GAA faces an uphill struggle
Published 24/08/2007 | 10:52
I read with some bemusement the letter from Tony Fearon (Write Back, August 16) claiming that the GAA is giving the lead in tackling sectarianism. I presume he is being highly ironic - the GAA is the only sectarian sporting organisation in the world.
Perhaps Mr Fearon could inform us as to how many Protestants are in the Northern Ireland county GAA football and hurling teams, at all levels and including male and female teams? None!
The reason there are few incidents of sectarianism in the GAA is that the entire organisation is mono-cultural and systemically and endemically sectarian.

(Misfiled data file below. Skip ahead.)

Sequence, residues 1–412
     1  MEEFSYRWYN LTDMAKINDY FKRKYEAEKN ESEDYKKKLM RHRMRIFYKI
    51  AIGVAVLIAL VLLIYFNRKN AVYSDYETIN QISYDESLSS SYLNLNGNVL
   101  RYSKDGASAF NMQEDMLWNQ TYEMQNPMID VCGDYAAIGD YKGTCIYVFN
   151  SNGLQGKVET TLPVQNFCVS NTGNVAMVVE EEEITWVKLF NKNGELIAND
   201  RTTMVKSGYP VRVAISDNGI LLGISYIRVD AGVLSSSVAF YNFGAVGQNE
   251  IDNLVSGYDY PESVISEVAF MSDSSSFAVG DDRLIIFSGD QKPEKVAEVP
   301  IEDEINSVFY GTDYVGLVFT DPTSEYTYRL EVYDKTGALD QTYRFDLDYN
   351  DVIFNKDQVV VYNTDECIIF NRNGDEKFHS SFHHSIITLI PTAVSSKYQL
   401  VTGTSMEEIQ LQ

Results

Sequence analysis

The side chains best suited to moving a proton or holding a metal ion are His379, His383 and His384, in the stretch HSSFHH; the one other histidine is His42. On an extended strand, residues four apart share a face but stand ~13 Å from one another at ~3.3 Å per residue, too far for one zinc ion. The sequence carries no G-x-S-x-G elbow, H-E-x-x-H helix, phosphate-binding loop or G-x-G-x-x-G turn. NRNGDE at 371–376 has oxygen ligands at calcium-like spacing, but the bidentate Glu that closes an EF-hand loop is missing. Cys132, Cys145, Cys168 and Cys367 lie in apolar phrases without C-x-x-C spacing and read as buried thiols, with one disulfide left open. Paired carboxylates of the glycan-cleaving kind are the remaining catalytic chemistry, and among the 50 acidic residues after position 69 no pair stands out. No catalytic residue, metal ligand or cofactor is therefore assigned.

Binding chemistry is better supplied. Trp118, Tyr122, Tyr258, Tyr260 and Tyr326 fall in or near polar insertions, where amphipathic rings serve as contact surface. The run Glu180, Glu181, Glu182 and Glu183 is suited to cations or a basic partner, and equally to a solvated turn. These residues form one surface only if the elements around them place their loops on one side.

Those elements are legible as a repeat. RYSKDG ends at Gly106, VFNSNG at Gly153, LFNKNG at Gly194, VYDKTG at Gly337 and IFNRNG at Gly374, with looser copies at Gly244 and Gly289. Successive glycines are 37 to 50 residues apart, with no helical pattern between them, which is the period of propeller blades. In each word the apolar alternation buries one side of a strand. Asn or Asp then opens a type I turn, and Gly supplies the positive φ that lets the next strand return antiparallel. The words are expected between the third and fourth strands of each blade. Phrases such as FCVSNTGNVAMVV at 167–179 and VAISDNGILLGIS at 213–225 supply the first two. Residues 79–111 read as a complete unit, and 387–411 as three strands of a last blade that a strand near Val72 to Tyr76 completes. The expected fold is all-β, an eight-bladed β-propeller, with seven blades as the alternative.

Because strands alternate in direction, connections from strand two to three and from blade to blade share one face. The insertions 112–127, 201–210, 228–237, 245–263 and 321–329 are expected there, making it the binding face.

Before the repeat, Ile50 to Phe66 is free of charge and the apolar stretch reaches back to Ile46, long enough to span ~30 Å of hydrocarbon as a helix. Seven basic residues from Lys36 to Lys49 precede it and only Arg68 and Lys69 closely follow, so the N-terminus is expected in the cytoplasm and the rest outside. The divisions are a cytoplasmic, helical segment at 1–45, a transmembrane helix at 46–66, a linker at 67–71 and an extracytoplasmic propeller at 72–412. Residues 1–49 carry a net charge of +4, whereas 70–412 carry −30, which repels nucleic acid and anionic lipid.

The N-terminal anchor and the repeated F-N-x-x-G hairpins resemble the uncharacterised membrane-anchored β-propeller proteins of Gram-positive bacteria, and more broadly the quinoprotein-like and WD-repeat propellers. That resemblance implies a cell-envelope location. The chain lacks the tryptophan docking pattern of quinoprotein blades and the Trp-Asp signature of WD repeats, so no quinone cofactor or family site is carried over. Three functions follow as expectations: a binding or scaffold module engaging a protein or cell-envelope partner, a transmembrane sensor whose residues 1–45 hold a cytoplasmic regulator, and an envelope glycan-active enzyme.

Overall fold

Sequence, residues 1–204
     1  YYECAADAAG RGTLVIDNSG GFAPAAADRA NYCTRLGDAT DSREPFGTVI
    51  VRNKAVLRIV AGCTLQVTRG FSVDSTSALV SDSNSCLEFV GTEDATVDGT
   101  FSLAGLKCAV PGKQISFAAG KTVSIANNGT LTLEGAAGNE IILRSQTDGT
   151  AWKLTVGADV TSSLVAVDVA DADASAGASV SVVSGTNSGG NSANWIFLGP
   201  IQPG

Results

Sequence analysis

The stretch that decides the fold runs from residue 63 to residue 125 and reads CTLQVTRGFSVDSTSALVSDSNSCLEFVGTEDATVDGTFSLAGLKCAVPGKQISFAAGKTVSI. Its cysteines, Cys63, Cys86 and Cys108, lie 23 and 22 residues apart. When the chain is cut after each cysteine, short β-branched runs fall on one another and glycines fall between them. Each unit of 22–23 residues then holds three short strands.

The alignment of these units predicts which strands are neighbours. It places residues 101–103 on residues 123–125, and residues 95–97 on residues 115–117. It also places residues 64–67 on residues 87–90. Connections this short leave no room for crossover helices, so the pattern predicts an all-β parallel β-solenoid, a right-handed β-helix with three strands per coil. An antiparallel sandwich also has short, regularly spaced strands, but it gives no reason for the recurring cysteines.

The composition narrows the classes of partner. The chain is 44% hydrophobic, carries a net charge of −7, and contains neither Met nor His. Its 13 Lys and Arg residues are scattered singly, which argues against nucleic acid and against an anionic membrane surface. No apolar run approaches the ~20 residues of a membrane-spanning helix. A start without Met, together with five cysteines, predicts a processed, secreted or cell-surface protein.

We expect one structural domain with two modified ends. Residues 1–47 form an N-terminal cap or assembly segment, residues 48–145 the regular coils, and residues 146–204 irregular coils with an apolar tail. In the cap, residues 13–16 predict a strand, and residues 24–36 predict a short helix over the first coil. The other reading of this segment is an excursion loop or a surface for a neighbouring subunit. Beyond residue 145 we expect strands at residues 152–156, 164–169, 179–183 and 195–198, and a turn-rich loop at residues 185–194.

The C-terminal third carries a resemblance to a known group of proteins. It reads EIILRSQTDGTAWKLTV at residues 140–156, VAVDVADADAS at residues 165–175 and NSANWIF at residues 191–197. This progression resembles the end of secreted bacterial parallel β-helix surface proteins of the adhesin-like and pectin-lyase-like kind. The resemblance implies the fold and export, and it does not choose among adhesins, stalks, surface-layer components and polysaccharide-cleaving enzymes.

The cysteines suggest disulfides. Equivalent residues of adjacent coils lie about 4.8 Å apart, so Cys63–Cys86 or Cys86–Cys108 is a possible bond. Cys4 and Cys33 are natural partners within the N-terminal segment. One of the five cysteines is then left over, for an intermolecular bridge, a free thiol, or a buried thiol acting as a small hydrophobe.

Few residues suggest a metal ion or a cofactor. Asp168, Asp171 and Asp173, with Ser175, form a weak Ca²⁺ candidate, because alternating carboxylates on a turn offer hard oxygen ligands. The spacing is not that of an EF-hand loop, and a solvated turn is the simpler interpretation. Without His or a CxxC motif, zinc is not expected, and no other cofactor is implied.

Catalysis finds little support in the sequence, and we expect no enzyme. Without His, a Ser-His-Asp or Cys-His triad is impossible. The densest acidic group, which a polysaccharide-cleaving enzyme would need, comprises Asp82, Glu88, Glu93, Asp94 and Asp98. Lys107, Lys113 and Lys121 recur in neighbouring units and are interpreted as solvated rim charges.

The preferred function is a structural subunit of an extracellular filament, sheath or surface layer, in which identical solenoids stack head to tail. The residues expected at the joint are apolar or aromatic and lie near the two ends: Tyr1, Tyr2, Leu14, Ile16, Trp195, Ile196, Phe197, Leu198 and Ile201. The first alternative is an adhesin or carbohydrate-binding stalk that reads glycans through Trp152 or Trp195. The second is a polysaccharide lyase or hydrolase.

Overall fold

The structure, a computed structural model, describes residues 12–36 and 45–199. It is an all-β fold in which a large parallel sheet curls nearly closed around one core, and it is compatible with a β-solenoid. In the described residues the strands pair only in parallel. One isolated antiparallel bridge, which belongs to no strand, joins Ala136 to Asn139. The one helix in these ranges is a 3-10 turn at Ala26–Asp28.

This was proved conclusively when the only Protestant GAA player in Fermanagh, Darren Graham, was subjected to sectarian abuse from opposition supporters.
He was told GAA was a Catholic sport and that Protestants should stay away.
It would therefore be a very sad and sorry day if other sports were to copy the GAA as suggested by Mr Fearon. This would mean, for example, that soccer should ensure that no Catholics played the sport, that clubs, grounds and trophies would be named after dead loyalist terrorists, and that only Protestant clergy would hold positions of authority in clubs and associations.
Not a very wholesome state of affairs.
The GAA has considerable work to do to free the organisation from the deep-rooted shackles of their sectarian past. I wish them well but I also wish they would begin this process sooner rather than later.
John Robinson, Belfast